1944 proved to be the turning point for John when he was asked to audition to be Alfred Drake’s replacement in the original Broadway company of the landmark Rodgers and Hammerstein musical Oklahoma!
After seeing his audition, Rodgers and Hammerstein had bigger plans for John’s Broadway debut. Instead of casting him as a replacement in Oklahoma! in New York they sent him to join the national company in Chicago.
John spent ten months there, plus a few weeks in Detroit and Milwaukee, before R&H brought him back to Manhattan to begin rehearsals of their new show, Carousel, which they had completed with him specifically in mind.
At his audition a year earlier, John’s rendition of the aria from The Barber of Seville gave R&H an idea for a number that would make Broadway history. Hear John tell the story of Soliloquy.
The critical and audience reaction to Carousel was immediate and overwhelming, making John’s Broadway debut the talk of the town. His performance as Billy Bigelow defined a new breed of leading man – the virile, tragic anti-hero who sings with unmatched power and beauty – and remains the standard against which other legitimate theatre voices are compared. John took home the New York Drama Critics and Donaldson awards for Carousel. The musical remained the personal favorite of its composer and its leading man. John starred in Carousel for over two years. Hear John talk about long runs and "artistic successes."
In 1948 he returned to Broadway in Magdalena, an eagerly awaited musical from noted South American composer Villa-Lobos. The show lasted only 11 weeks at the Ziegfeld.
John’s next Broadway musical, Three Wishes for Jamie, was a folksy, Irish fable based on an award-winning novel. Although John always thought of the show as a “near-miss” it barely managed a three-month run.
The 1953-54 theatre season began with John starring in Carnival in Flanders, based on a popular 1936 French film. The musical was roundly dismissed by critics, including The New York Times’ Brooks Atkinson, who wrote Raitt “is entitled to be in something that a theatergoer can enjoy ”. Carnival in Flanders folded its tent after only 5 performances.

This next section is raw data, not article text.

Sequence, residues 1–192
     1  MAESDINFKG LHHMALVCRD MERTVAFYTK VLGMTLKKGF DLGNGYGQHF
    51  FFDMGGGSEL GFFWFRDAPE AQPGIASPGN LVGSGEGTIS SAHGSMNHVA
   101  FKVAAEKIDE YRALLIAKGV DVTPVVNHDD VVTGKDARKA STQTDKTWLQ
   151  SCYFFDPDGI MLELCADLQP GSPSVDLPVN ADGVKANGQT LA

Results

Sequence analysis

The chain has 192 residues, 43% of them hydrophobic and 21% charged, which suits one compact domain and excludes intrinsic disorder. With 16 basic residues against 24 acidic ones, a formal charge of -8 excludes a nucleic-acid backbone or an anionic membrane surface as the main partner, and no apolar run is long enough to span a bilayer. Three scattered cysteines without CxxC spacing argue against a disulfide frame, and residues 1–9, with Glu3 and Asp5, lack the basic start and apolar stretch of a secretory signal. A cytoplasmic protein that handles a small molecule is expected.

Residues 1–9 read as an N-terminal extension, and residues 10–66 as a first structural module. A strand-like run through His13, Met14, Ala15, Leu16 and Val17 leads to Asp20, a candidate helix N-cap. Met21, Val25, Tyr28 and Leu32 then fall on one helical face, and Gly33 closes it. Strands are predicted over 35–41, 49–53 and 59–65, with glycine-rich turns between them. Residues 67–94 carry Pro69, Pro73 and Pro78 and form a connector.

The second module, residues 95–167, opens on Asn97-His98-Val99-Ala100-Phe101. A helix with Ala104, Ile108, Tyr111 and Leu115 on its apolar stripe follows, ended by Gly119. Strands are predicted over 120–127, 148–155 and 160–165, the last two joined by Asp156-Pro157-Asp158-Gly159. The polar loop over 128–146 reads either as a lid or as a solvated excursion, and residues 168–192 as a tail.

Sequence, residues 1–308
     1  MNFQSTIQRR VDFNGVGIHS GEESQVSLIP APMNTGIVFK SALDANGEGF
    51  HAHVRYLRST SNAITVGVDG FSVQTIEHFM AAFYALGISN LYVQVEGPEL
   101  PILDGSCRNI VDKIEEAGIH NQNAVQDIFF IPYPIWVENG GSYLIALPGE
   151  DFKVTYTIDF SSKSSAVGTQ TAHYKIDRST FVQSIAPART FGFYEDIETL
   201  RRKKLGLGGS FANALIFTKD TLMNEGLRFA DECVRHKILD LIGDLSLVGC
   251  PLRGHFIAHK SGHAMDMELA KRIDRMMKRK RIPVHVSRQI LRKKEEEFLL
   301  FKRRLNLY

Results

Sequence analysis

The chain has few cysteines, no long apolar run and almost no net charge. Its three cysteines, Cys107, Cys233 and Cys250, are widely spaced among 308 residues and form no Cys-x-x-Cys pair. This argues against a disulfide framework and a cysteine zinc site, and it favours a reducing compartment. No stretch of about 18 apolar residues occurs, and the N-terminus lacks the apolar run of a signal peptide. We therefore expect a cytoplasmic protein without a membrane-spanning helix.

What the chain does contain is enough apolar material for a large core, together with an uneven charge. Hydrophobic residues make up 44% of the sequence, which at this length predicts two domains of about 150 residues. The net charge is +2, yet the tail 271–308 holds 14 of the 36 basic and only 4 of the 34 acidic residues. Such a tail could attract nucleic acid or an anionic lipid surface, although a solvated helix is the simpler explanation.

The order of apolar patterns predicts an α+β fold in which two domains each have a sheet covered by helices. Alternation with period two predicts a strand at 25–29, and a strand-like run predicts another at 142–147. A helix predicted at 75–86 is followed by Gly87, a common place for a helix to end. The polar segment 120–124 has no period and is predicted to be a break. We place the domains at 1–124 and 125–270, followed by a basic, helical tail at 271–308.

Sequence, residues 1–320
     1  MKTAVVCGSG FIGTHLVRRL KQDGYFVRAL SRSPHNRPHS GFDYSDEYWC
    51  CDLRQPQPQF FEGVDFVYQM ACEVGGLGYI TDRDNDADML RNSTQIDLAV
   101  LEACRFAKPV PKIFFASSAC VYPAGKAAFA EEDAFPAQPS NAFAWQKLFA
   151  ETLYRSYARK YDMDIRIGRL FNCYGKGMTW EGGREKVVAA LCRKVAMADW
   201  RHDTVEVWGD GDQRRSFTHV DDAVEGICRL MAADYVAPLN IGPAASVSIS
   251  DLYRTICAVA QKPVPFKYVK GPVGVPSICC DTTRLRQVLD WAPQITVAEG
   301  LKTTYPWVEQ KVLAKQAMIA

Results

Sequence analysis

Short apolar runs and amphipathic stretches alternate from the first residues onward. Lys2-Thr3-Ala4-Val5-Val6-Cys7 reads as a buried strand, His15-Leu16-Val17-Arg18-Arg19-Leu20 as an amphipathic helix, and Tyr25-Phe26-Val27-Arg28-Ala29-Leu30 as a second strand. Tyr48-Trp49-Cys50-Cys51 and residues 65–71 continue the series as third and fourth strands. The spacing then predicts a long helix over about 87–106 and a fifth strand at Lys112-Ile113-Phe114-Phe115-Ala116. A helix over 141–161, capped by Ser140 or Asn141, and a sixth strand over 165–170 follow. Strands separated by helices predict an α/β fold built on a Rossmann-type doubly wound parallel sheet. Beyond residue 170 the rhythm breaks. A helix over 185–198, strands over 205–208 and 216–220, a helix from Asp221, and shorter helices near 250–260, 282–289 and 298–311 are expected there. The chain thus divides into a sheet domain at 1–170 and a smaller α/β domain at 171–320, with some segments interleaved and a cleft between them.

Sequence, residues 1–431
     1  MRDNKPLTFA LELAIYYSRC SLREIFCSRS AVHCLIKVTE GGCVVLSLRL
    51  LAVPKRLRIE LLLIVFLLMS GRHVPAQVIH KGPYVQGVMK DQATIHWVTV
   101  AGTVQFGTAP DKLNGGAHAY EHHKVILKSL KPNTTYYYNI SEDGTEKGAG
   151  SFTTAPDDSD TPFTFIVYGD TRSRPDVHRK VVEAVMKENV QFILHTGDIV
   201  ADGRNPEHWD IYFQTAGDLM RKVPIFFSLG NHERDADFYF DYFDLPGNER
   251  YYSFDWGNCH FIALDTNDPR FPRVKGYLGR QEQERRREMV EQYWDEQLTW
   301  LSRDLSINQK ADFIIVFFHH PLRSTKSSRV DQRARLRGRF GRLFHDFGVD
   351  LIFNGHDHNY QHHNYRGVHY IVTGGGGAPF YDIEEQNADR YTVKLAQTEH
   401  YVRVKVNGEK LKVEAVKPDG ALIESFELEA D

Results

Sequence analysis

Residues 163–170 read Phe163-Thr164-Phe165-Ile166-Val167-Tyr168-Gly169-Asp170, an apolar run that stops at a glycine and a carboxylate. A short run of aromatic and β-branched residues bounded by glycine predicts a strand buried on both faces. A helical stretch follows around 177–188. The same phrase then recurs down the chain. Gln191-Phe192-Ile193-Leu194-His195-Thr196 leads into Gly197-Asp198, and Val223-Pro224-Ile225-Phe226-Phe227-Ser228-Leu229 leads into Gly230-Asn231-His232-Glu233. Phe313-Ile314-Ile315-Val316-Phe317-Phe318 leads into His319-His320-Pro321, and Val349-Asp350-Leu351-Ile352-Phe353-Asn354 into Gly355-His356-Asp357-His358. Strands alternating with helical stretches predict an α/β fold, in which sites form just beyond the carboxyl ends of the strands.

Atkinson got his wish at the end of the season when The Pajama Game became the surprise hit of the year. In the lead role of Sid Sorokin, the pajama factory foreman, John introduced one of the biggest ballads of the fifties, “Hey There”, once again establishing himself as one of the top leading men of the golden age of the Broadway musical. Working with George Abbott, Jerome Robbins, Bob Fosse and Harold Prince, John enjoyed a huge success with The Pajama Game and once again stayed with the show for its entire 1063-performance run.
In 1957 John returned to the sound stages of Hollywood to recreate the role of Sid opposite screen star Doris Day in the movie version of The Pajama Game. Using the most of the New York cast, the film perfectly captured the spirit of 1950’s Broadway.
John’s next New York appearance was in the highly acclaimed 1965 Lincoln Center revival of Carousel. The following year John starred in Michael Bennett’s choreographic debut A Joyful Noise, which played only twelve performances at Broadway’s Mark Hellinger Theatre after a summer stock tryout. For ten weeks in 1975 he headlined once again at the St. James Theatre, home of Oklahoma! and The Pajama Game, when he led an all-star cast in the revue A Musical Jubilee.
While traveling the country in a wide variety of productions, the next decades found John playing to New York audiences only occasionally - performing his one man show A Musical Autobiography for an invited audience at the Little Theatre (now the Helen Hayes) in 1982, back on the stage at the St. James singing the title song from Oklahoma! in celebration of it’s 50th anniversary, making a cameo appearance in The Will Rogers Follies in 1993, singing at the Easter Bonnet benefit in 1995.
His final appearances on New York stages took place in 2002. As a guest performer at the Tony Awards, John sang a portion of “Soliloquy”. Four days later the 85 year-old star introduced headliners Hugh Jackman and Audra McDonald at a Carnegie Hall concert of Carousel, the same musical that introduced John Raitt to New York audiences fifty-seven years earlier.